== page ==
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Spanish Moss Is Related to Pineapples

Epiphyte or Parasite

Spanish moss is an air plant or epiphyte. These plants can pull moisture from the air.  Pineapples could also survive on trees, but for ease of harvesting they are grown in the ground. They both thrive in humid areas and grow especially well near rivers and ponds.   Unlike pineapples, people can cannot eat Spanish moss.  Spanish moss is known botanically as Tillandsia usneoides.  The stringy moss thrives in Florida and other Southern states.  http://edis.ifas.ufl.edu/ep485

Important for Wildlife

Spanish moss is critical to native Florida wildlife.  Many animals use it for cover to hide from predators.  Two species of bats Spanish moss as day-time resting sites. Our state butterfly, the Zebra Long-wing roosts in it at night.   Spanish moss is used by numerous birds for nesting material. Parula warblers and Baltimore orioles weave the moss into hanging sacks to hold eggs and young.  Spanish moss is found in bluebird boxes and wren nests to provide cushioning for the eggs.

Misconceptions About Spanish Moss

Spanish moss does not penetrate trees and steal their nutrients like mistletoe does.  Mistletoe is a parasitic plant.  Spanish moss is not parasitic, it just uses trees as a place to hang out.Spanish moss prefers high light and thrives on weak or dead trees that have lost their leaves. Many people blame the moss for killing the trees, but the trees were already unhealthy for some other reason.  Poor tree health may be due to soil compaction, altered drainage, disease, or insect infestation. Once the trees start to die, Spanish moss may speed the decline because branches full of Spanish moss may shade lower leaves.  The extra shading prevents the light needed for photosynthesis to get to the remaining leaves. . Keep in mind, these concerns are significant only for trees that are already in decline. Most of the time Spanish moss is completely harmless and only adds aesthetic appeal of a landscape.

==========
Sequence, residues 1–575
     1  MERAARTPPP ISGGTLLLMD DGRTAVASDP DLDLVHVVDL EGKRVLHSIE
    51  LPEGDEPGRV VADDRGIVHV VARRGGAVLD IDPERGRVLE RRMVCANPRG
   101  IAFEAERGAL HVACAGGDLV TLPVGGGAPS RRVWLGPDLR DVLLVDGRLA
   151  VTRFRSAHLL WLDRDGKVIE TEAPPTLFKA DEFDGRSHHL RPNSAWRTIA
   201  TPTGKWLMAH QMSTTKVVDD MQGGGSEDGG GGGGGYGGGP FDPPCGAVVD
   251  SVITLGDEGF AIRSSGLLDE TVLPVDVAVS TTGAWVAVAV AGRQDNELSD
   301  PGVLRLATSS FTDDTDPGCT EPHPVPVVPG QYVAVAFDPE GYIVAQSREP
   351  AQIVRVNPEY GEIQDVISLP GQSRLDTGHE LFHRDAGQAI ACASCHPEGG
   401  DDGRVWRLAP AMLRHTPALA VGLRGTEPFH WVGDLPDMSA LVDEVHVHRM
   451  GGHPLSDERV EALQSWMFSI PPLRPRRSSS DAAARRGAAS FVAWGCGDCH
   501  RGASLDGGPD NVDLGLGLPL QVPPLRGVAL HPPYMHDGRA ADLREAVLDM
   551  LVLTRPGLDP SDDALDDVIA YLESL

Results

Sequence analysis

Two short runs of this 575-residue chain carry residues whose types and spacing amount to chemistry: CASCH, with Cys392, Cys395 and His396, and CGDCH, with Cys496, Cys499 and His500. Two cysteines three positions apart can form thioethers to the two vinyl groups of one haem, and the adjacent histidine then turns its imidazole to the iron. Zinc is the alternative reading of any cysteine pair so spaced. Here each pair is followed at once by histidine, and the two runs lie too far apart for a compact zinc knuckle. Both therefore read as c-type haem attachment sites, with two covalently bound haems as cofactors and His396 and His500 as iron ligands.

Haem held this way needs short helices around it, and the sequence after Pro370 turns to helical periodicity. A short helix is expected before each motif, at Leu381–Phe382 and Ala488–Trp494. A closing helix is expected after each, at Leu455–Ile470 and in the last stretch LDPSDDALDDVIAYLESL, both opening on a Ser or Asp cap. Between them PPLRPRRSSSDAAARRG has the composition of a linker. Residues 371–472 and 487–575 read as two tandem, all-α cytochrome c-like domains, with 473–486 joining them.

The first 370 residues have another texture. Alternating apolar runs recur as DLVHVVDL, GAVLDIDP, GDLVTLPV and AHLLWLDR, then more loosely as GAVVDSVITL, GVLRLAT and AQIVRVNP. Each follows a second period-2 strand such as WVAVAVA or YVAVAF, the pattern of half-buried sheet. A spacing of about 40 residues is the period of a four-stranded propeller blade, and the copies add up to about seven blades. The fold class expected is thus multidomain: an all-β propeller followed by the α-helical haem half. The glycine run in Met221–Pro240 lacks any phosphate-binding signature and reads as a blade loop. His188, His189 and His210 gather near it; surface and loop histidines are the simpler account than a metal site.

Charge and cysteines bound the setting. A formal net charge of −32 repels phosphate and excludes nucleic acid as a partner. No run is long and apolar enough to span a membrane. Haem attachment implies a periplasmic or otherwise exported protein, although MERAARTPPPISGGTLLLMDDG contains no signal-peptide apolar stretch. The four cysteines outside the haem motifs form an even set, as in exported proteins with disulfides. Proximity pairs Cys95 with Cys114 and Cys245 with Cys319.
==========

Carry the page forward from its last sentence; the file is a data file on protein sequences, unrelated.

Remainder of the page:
Many people also think they can get chiggers from hanging Spanish moss.  Chiggers are found on the ground in assorted moist foliage.  So, yes you might get chiggers if you sit on moss that was already on the ground, but it is unlikely you will get chiggers from moss hanging in the trees.

Removal of Spanish Moss

If you absolutely feel you must remove Spanish moss, you can hand remove it. For small trees, use a ladder or long pole with a claw attached to it.   A “cherry-picker” is may be needed for large trees. Although not generally necessary, chemical control is possible using copper-based products labeled for ball/Spanish moss. Please take note, there is evidence that copper-based herbicides and fungicides may cause damage to tender growth on oak trees. Please keep in mind to read and follow label directions carefully when using chemicals. If you choose to chemically kill the moss, the dead moss will be more unsightly than it was when it was alive, and it will still need to be removed. Use the chemical method only in the cool winter months.

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